Alessandro Iacono (19) traveled five days to get back to Italy: 'I got stopped by the police all the time'

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Alessandro Iacono decided to travel back from his seasonal work job in Canada to his home town in Italy. The whole trip took him over five days.

By Dominic Schep

Added March 30, 2020 20:42 CET | Updated March 30, 2020 21:17 CET

Alessandro Iacono (19) traveled days in a row to finally get home [Personal Archive]

Iacono (19) lives in the northern Italian city of Brognoligo, near Verona. He was in Canada on a temporary international experience work permit and worked as a cook in a ski resort, six hours from Vancouver.

Why did you wanna go back to Italy?

My plan was to go to San Francisco for a while to find another job in hospitality, but this wasn't possible anymore due to the coronavirus. I decided it was time to travel back home, but it was too late when I had decided this so there was no flight going anymore to an airport in Italy from Canada.

So how did you come home?

My first flight to Paris was canceled one day prior to my departure and I had already reserved all my hotels and trains. I couldn't change the flight initially, but after calling with the Italian consulate in Canada I found a new flight to Paris via Amsterdam. 

How was it to arrive back into Europe?

It was mindblowing. The police were really angry and frustrated with people who did not follow the rules. Everyone was wearing masks and gloves and looked scared to get near you.

I arrived in Paris around 1 pm and had a room booked for the night, so I decided to spend some of my spare time in one of my favorite cities and traveled around with an electric scooter. But before I could even reach the city center, I was already stopped three times by French police officers.

Paris during the lockdown

Paris during the lockdown [Alessandro Iacono]

There is a mandatory self-isolation in France. What did you do after this?

The officers really scared me. I could get a fine of 145 euros and a criminal record. After this, I decided to take a rest because I really needed it. The following day I spent some time on the street talking to a homeless person from Italy, who didn’t speak French. I gave him some money, food, and cigarettes.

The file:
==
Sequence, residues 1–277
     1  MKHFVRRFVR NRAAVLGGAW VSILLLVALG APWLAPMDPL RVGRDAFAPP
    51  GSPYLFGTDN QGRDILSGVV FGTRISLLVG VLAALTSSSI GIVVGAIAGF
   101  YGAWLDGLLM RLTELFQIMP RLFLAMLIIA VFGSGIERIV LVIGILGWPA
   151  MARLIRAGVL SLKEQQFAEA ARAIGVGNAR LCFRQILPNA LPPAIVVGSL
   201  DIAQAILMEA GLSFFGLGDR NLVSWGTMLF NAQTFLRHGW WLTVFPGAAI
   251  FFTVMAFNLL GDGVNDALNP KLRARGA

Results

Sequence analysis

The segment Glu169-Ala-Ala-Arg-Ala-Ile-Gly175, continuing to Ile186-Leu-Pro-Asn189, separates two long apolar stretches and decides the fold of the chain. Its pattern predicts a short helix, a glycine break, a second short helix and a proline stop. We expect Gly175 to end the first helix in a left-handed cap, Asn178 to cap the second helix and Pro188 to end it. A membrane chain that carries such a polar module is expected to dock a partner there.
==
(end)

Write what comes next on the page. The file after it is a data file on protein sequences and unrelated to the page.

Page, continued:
Then it was time to take my train to Marseille, which took seven hours. I was stopped several times by the police officers again who asked for my self-certification. I had to explain to them that I didn’t have mine obviously. They eventually let me go.

From Marseille, I took a different train to Nice. I spent the night at the train station, as my train was early in the morning the following day. But in France, they close the train stations at a certain time. In Italy, they are always open, but here apparently not. I made some interesting friends there and passed the night with them outside the station. 

That seems a bit dangerous now, right?

There was a wide variety of people. A guy who traveled to see his child, who didn’t have enough money and had medical problems. Another one was an Italian from Burkina Faso who kept talking to me about religion. We also saw a homeless person who tried to rob one of the people outside and a few drug addicts. 

Iacono had to sleep on the street outside the train station

The station of Verona, Italy [Alessandro Iacono]

When the police came to check on us during the night, they were only looking for drugs. They didn’t bring blankets, food or drinks. This disgusted me a lot. It was very cold and I couldn’t stop moving because otherwise, I would freeze. When the train finally arrived I fell asleep instantly.

So you could finally continue your journey?

When I woke up, I found out that the train wasn’t going to Italy anymore, but instead would stop at the latest station before France. 

I had to take a cab with the last money I had. Finally, I found a driver who would take me without the self-certification. During the crossing of the border, there was no one around. I was finally back in Italy, but now I had to get to my hometown. 

Unfortunately, I didn’t have the money to come home from the town of Ventimiglia, so I decided to travel without a ticket. Lucky for me, all the train staff was at home because of the virus so nobody checked for tickets. 

After a few more stops and strange occasions with people, I arrived in Genova. I missed a station so I had to walk 5 kilometers back with over 30 kilograms of luggage. Then I had to take ánother train to Milan.

How was it like in Italy when you were outside?

While I was walking back to this station, I heard at least ten ambulances and all the people were watching me. They covered their faces and judged me that I didn’t do this.

From Milan on, fortunately, I only had to take one more train. I fell asleep and when I woke up I was back in my hometown, finally.

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